I wrote a review of LCMS’ most recent première, James Dillon’s The Louth Work: Orphic Fragments, for the Journal of Music recently. I can’t wait for the Silenzio festival next weekend.

Yours Truly on James Dillon’s The Louth Work

A couple of weeks ago, I attended the première of a new work by James Dillon, The Louth Work: Orphic Fragments, hosted by the Louth Contemporary Music Society (a local Irish society that has amassed an impressive string of premières and commissions in its eleven-year history).

The Journal of Music published my review:

This is complex music, but ritual is central, and in performance the ear was often drawn towards a single sound – a slow, steady beat on the gong, or cold interjections from the snare drum, or a driving cello motif on a single aggressive note – repeated at the heart of dense textures like a lighthouse flash in stormy waters. Distinct melodic strands – here a duet for clarinet and xylorimba, there an electrifying piano part with a slow song – soar around each other, coming into brief concord before diverging again.

Toner Quinn: You’re Not an Artist, You’re a Start-Up

I recently reread this 2014 piece by Toner Quinn for the Journal of Music. (It was published a few months before I started writing regularly on this blog.)

Start-ups tell a good story. They are positive, highly ambitious and unapologetic about the funding they need to make their business a success. They are also unafraid of making mistakes, of changing their minds, trying something new, even reinventing their entire idea if necessary—known as ‘pivoting’. Start-ups don’t overly concern themselves with sales in the short-term, they are in the world of ideas, imagination and innovation, and focus on being ahead of the curve. Not even complete failure inhibits them. They are imbued with a philosophy of ‘fail fast’ – if it’s not working, quit and move on to the next thing. To have started several start-ups, fail and then start again, is a virtue.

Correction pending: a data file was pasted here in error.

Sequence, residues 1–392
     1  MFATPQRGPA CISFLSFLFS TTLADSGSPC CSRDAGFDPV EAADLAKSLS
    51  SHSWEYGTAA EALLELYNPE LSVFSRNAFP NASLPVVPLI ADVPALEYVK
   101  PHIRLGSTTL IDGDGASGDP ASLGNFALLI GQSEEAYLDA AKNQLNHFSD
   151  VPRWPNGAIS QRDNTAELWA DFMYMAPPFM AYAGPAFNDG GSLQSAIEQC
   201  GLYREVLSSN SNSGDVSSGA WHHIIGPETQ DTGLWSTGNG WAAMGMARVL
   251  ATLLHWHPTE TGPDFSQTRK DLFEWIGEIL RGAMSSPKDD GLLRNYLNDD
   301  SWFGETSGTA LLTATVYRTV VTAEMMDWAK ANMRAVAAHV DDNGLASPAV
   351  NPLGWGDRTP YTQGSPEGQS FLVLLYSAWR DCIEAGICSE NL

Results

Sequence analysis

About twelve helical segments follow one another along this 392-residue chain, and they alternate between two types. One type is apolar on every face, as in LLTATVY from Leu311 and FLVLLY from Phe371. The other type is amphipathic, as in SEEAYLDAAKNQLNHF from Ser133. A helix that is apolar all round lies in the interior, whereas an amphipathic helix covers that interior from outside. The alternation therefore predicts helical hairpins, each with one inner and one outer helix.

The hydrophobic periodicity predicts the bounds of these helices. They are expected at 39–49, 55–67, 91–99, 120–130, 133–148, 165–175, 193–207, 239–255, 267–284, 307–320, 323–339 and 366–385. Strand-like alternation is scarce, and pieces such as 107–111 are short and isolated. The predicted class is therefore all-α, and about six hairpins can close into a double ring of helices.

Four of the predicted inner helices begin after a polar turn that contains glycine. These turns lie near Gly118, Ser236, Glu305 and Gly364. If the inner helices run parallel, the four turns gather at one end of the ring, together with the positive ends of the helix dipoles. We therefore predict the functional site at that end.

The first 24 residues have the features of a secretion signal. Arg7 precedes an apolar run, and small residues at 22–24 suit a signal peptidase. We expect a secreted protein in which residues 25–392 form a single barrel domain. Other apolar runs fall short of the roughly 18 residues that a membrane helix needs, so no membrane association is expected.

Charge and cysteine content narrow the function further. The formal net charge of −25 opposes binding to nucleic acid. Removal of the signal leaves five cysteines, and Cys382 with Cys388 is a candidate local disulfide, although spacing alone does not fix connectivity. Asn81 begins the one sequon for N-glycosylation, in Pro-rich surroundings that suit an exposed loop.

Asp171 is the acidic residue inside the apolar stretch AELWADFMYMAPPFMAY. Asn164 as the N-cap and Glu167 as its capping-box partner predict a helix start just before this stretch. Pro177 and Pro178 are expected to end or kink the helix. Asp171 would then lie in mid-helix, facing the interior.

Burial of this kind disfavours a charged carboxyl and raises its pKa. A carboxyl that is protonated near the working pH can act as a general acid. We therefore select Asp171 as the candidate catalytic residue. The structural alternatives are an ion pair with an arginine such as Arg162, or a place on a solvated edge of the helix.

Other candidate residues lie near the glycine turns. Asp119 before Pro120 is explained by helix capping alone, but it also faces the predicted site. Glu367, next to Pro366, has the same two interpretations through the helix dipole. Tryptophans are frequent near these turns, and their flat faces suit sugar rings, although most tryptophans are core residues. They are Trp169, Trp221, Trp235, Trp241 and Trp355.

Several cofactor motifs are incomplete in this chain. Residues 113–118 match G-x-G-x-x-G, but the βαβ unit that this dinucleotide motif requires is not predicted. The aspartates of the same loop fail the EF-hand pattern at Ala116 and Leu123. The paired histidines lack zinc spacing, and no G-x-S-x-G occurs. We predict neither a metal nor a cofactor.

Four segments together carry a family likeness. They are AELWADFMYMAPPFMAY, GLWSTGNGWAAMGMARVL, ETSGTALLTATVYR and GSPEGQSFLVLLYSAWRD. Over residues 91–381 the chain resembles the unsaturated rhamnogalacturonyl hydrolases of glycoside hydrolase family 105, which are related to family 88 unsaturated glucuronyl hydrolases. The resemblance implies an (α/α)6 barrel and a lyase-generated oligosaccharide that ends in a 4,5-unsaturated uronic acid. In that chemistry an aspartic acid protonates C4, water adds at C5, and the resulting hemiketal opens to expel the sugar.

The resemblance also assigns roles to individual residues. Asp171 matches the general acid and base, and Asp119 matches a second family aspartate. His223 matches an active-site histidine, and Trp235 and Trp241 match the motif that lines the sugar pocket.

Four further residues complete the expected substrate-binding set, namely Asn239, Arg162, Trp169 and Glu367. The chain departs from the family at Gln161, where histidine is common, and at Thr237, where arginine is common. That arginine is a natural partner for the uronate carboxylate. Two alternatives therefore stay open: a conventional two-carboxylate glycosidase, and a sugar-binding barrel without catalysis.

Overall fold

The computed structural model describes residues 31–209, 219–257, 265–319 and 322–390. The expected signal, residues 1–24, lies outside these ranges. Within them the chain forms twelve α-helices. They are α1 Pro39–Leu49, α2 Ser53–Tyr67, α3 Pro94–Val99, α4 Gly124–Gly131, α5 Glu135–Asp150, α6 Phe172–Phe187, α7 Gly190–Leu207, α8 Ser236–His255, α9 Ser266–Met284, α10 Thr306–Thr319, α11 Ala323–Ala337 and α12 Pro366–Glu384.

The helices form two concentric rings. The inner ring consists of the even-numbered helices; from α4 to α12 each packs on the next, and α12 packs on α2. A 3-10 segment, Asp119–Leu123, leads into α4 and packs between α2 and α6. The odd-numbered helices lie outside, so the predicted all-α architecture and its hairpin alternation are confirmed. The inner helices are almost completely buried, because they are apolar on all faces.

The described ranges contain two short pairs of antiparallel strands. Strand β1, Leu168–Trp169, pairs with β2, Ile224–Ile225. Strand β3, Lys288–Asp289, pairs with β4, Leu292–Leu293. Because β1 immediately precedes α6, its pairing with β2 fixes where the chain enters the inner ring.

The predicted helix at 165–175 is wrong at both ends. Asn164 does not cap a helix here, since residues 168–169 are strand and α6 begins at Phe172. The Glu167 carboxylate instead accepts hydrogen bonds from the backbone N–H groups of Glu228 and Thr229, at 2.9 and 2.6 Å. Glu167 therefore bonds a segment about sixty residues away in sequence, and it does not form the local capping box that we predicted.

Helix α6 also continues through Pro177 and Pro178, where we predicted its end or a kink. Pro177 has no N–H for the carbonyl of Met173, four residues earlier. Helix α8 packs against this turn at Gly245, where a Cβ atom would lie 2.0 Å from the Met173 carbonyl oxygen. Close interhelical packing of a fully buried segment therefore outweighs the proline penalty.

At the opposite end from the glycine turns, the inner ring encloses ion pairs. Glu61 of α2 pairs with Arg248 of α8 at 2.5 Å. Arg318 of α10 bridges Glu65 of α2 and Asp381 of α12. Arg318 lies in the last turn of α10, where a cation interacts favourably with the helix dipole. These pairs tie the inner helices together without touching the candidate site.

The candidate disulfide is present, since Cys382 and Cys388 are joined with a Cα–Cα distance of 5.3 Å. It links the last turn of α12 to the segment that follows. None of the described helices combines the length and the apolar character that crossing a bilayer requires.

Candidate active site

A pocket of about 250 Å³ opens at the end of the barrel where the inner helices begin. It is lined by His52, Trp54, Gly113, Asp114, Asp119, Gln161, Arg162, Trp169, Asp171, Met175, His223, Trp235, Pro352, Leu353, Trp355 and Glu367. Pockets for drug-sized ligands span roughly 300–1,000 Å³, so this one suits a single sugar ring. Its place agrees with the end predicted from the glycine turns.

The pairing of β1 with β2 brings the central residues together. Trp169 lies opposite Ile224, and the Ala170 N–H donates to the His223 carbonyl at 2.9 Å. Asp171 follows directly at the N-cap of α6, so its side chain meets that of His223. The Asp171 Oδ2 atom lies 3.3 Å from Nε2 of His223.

I think Quinn is right: there’s plenty for artists to learn from the ambition, the organisation, and the nimbleness of start-ups. Not least: figure out what you can make that will attract interest, make it unique, and get the word out.

I know a lot of artists have a knee-jerk reaction against association with any sort of business, so here’s Samuel Beckett with the same suggestion:

Ever tried. Ever failed. No matter. Try again. Fail again. Fail better.